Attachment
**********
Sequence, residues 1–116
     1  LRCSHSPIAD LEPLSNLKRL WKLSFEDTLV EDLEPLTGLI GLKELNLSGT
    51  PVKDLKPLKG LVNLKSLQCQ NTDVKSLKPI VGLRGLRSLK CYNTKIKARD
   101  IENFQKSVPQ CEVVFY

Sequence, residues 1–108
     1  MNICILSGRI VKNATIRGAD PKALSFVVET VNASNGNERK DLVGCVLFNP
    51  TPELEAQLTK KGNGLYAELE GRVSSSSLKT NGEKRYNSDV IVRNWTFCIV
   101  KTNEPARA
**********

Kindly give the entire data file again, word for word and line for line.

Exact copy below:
Sequence, residues 1–116
     1  LRCSHSPIAD LEPLSNLKRL WKLSFEDTLV EDLEPLTGLI GLKELNLSGT
    51  PVKDLKPLKG LVNLKSLQCQ NTDVKSLKPI VGLRGLRSLK CYNTKIKARD
   101  IENFQKSVPQ CEVVFY

Sequence, residues 1–108
     1  MNICILSGRI VKNATIRGAD PKALSFVVET VNASNGNERK DLVGCVLFNP
    51  TPELEAQLTK KGNGLYAELE GRVSSSSLKT NGEKRYNSDV IVRNWTFCIV
   101  KTNEPARA